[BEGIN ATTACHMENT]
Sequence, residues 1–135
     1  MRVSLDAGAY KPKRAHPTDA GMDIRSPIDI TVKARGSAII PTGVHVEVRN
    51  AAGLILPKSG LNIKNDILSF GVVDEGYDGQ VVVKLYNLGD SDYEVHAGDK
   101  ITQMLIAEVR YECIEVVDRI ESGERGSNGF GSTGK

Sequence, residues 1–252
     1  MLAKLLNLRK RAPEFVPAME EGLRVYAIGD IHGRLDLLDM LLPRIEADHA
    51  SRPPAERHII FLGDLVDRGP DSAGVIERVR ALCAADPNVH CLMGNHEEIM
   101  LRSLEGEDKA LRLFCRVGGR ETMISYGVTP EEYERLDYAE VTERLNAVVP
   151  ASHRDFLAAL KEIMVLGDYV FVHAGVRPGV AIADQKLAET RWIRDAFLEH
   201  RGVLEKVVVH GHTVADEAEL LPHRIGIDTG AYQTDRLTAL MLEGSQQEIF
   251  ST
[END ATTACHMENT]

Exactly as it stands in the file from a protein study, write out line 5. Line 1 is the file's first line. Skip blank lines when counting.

Sequence, residues 1–252